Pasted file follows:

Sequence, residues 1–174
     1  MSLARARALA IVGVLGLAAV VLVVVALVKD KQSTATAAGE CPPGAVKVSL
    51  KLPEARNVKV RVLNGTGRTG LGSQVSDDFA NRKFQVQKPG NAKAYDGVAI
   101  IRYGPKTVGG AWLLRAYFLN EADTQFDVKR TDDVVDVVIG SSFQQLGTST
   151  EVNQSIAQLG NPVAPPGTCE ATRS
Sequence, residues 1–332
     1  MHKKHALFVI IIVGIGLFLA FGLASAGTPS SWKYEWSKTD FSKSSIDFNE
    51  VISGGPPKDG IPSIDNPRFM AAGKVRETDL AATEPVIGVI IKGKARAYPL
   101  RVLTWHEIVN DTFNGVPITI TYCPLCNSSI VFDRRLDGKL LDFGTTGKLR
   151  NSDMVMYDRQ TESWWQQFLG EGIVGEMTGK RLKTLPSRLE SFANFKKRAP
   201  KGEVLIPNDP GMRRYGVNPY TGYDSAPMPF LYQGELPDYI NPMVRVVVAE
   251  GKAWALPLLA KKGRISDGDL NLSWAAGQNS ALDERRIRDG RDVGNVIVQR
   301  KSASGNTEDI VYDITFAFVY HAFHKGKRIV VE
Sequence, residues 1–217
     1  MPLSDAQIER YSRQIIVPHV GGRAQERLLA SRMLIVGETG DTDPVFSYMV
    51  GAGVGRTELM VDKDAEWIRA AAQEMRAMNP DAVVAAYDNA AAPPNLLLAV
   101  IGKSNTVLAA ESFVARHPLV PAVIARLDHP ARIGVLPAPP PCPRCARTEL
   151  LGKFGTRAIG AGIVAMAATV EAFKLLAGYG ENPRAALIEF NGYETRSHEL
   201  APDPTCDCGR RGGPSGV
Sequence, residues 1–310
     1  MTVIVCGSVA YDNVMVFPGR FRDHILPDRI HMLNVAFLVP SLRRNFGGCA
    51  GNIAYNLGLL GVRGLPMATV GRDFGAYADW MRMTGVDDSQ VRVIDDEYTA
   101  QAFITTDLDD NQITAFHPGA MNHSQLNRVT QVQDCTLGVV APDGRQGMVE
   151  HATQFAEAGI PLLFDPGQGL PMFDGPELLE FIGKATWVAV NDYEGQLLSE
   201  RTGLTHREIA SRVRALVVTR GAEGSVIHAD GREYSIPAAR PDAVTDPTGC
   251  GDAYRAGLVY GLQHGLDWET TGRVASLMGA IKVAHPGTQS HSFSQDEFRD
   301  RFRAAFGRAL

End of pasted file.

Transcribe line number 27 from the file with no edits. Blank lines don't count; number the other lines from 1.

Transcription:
   301  RFRAAFGRAL